WHEN I was first learning to string sentences together, “journalese” was a condemnation, implying – usually – something that was perhaps both slang and imprecise. It is not a word you hear much now, possibly because such language is so pervasive, particularly on the internet with its many and various publishing platforms. 
Without any need for technology, however, sports reporting has always been in a class of its own in this sphere. Not being sufficiently tuned in to know the nicknames that have been randomly attached to players turning out for Glasgow’s main football teams, there are days when the advertising bills on the street for our sister paper the Evening Times might as well be in Swahili for all the sense I can make of them.
But jargon words that suffer from the same deficiencies abound on the news pages as well, of which “Brexit” is the most tediously obvious example round these parts. Like most readers, I suspect, I had not heard the term “incel” (an abbreviation, apparently, of “involuntary celibate”) until the shocking attack on Toronto by someone supposedly boasting of that affliction, although it seems to have been around for a while. The cowardly slaughter in Canada is not to be made light of, but that does not rule out ridicule as an appropriate response, and newspaper columnist Marina Hyde, a past master at that, effectively damned the term to lasting absurdity a week ago with an inspired parenthesis in a column about the self-incarcerated Julian Assange. Better that, I think, than the suggestion on social media that such deranged men be properly described as “angry virgins”, which would be hugely unfair on the attributes of both anger and virginity. Near the mark would be “failed sluts”, or “fluts” if you like, but even there the rights to fail or behave sluttily might reasonably be said to have been impugned.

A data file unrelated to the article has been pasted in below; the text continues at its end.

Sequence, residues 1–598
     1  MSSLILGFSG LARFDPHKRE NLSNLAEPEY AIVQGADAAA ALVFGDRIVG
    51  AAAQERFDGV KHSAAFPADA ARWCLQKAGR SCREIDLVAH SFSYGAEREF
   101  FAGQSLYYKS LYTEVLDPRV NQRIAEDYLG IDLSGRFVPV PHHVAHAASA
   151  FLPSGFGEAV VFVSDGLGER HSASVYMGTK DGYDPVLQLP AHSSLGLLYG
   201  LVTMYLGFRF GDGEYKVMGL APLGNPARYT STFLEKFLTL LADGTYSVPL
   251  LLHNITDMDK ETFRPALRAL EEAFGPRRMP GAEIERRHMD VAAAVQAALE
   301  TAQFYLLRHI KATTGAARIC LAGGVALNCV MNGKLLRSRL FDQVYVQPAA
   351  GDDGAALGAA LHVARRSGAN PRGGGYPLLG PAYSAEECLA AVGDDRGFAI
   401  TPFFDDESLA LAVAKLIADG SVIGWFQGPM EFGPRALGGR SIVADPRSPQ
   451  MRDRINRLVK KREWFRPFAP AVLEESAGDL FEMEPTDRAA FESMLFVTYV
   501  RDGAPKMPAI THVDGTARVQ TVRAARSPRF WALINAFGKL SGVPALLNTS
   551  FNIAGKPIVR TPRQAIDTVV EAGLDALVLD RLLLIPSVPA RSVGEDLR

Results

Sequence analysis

In the world of the arts and entertainment, the showbiz trade weekly Variety, founded in New York in the early years of last century, blazed the trail – and sometimes a lonely one – for stage and screen journalese, but these days even its nautical-sounding terms like “helmers” and “toppers” crop up in more mainstream publications, and it can lay claim to inventing “showbiz”, “sitcom” and “payola”, all of which long since entered the wider vocabulary. Some of its abbreviations can still seem extremely opaque, however, and funny, at least on this side of the Atlantic.
Even in the arts, though, there are times when the abuse of language goes beyond being a laughing matter, and indeed beyond the same realm as pedantic complaining about rogue apostrophes and endangered adverbs, of which I am as capable as anyone who has spent a large chunk of their working life copy-editing. In last Saturday’s Herald there was a story, drawn from a letter published that same day, which called on Edinburgh’s Cameo cinema not to screen films touring from London’s Israeli Film and Television Festival on the grounds that the movies, in part state-funded, showed a “prettier face” of the oppressor of the Palestinian people and were therefore a form of cultural propaganda.
The poisonous phrase came not in the letter itself, but from a spokesman for the Scottish Palestinian Solidarity Campaign, who described the purpose of the festival as “art-washing”. If ever there is a portmanteau use that not only demeans both art and washing, but is instantly redolent of the sloganising of fascist and totalitarian regimes – and of course the Newspeak of Orwell’s 1984 – that is it. For now, I’m afraid that an inspired riff of ridicule eludes me, but I sincerely hope never to hear that expression come from the mouth of anyone, of any political persuasion or activism, who self-identifies as an artist.